Outrageous Experiments

Myth Database – Improvising a Weapon From Junk

posted: 02/09/17
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MYTH: Can you improvise an effective weapon out of junkyard scrap and heads of cabbage?


This myth derives from the A-Team TV series, in which Hannibal, Murdock, Face and B.A. would frequently improvise weapons from scrap, including one episode in which they successfully fought off bad guys with a hastily assembled cabbage cannon.

In this case, the challenge was build a weapon using parts found in a well-stocked junkyard or scavenged from an earlier build in two days. To be judged successful, the weapon would have to take out six bad guys in three minutes using nothing but cabbage as ammunition. The candidates would be allowed access to all the tools in the shop, as well as "consumables" (wood, nuts and bolts, tape, etc.), but the bulk of their machine would have to be sourced from the junkyard.

Team Blue (Tamara, Hackett and Jon) first considered building an air cannon, but decided that the cabbage would shred instead of launch. They settled on a repeating crossbow cabbage launcher, using a truck's leaf springs as the arms, square tubing for the rails, and wire cable as the drawstring. In the scrapyard they also found an old winch to wind up and then release, catapulting their cabbages.

Team Red (Brian, Allen and Martin) chose an air cannon, electing to core the cabbages into aerodynamic bullets. In the yard they were able to source their barrel (plumbing pipe), firing tank, ball valve, air tank and compressor -- and even a cement mixer that would allow them to turn the cannon on all its axes, improving aim. They also found a microwave.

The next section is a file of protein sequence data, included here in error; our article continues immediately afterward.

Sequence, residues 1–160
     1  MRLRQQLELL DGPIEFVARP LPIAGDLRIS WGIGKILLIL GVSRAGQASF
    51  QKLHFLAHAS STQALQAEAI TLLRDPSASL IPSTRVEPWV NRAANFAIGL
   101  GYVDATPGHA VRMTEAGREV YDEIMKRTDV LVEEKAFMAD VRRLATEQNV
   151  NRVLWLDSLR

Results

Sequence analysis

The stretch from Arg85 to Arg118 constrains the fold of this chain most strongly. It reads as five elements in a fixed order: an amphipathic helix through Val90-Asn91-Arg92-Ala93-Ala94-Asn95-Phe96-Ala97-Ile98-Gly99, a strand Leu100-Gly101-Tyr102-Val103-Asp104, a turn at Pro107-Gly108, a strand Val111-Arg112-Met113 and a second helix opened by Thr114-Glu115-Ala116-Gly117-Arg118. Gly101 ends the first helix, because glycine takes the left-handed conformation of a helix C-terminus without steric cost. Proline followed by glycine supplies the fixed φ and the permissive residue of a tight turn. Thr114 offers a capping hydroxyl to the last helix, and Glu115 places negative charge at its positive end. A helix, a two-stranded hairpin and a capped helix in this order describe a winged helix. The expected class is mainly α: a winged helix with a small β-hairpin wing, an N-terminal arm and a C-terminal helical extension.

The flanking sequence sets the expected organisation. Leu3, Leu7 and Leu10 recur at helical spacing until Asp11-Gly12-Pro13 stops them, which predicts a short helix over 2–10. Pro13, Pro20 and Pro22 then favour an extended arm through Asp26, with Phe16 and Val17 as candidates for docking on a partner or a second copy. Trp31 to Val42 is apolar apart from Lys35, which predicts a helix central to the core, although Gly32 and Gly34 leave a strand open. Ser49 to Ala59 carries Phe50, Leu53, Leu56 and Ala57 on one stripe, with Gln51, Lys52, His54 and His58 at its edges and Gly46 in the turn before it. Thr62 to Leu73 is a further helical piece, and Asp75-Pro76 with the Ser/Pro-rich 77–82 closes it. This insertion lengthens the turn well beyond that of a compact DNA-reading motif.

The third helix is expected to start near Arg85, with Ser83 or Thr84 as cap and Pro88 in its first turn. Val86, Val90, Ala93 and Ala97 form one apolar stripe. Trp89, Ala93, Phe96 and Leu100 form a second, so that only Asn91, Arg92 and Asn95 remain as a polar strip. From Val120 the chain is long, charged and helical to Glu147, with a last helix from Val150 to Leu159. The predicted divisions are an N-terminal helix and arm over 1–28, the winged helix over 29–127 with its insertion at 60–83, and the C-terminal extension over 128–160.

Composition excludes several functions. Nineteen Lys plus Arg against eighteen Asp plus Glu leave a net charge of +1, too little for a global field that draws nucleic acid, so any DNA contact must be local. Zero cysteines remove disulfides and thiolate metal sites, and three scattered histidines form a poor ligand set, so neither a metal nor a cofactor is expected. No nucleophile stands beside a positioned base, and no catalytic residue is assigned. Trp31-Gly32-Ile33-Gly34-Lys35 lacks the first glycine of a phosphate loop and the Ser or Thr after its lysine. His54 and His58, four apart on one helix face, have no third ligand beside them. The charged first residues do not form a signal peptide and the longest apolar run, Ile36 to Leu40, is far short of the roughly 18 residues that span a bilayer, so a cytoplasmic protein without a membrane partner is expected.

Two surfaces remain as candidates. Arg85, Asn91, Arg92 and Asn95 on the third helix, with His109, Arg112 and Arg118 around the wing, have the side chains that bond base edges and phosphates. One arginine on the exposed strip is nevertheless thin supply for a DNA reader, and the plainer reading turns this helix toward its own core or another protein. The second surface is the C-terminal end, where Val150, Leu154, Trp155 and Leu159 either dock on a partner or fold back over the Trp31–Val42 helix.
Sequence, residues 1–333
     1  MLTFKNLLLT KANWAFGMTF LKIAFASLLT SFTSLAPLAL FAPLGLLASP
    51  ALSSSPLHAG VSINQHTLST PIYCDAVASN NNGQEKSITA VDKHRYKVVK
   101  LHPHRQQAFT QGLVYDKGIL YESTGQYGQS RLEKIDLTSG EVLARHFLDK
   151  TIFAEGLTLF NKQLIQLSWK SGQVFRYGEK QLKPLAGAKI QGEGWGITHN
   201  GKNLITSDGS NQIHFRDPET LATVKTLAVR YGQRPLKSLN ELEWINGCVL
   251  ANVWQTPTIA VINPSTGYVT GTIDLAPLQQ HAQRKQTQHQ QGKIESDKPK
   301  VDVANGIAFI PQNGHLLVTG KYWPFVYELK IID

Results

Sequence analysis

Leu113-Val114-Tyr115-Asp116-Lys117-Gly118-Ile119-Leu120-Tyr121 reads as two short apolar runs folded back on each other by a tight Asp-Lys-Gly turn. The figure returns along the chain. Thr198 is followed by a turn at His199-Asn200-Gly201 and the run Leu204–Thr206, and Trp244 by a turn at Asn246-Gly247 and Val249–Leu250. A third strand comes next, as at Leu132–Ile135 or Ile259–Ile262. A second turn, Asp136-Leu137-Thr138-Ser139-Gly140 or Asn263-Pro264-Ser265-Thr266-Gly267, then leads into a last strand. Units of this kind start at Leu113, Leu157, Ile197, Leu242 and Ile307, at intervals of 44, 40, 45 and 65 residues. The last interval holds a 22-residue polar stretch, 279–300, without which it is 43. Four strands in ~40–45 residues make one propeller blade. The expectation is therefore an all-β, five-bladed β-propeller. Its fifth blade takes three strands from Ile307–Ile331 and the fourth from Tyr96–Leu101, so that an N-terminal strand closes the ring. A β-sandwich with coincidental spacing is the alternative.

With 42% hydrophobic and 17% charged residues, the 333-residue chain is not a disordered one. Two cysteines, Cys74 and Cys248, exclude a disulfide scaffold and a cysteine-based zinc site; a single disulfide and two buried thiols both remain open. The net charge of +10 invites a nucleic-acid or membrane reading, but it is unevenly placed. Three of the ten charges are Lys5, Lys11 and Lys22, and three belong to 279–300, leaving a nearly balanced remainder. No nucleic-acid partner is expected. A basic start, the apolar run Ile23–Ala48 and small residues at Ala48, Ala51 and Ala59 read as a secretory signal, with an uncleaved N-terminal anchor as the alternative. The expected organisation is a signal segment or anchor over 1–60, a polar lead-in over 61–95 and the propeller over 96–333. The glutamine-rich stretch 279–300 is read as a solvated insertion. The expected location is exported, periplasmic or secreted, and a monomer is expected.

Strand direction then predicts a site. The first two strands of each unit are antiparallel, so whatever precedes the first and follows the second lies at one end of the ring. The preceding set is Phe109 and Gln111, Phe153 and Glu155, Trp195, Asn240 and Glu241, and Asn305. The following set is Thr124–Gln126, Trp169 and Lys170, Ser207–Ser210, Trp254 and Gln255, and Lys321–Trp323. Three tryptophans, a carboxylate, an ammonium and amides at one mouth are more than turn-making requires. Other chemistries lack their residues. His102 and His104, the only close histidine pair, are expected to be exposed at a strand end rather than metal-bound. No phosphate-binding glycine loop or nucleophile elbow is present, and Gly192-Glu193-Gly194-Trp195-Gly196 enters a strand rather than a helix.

How did a microwave fit into the Red Team's air cannon? The cannon needed its valves to turn on and off, preferably automatically so that the team only had to worry about aiming and shooting. Microwave ovens contain a built-in timer, as well as circuitry that can turn things on and off. Allen gutted the microwave, removing the magnetron (the part of the microwave that actually makes microwaves) and replacing it with a solenoid valve from a previous build.

In the end, here's how the Red Team's air cannon worked: a junkyard compressor pumped air into two reservoir tanks controlled by rapid release ball valves. To fire, Allen's microwave computer triggered a release of the pressurized air to fire a cabbage core bullet, then automatically refilled the tank, ready to fire again. The cement mixer served as a targeting mechanism, allowing for both elevation and left-and-right control. After just one day, the team tested their cannon and it fired successfully.

Here's how the Blue Team's crossbow worked: The cabbage sat in the sled, which was attached to a quick release, which was attached to the winch. After winding the winch as far back as possible, the team would pull the safety pin, sending the cabbage flying.

However, after one day, the Blue Team's crossbow was less than effective. With its air cannon finished, the Red Team decided to pitch in to help the Blue Team. After reviewing the crossbow's design, they realized that the leaf springs were permanently deforming when bent a certain way. By flipping them, the springs could be bent back without losing their shape. And by adding two more springs, for a total of three leaf springs per side, the team was able to increase the crossbow's power.

On test day, the challenge was to take out as many of the six bad guys as possible in just three minutes. Brian Labrie, world record holder for pumpkin chunking and owner of American Chunker, served as guest judge.

The Blue Team's crossbow was able to hit four bad guys in three minutes, although reload time was slow, lethality was "less than ideal," and the Red Team had had to help out.

The Red Team's air cannon took out five targets with "deadly accuracy" and lethality -- but given that it was able to do so in part because of the solenoid valve, an expensive part unlikely to be found in a junkyard, the myth was deemed only plausible.

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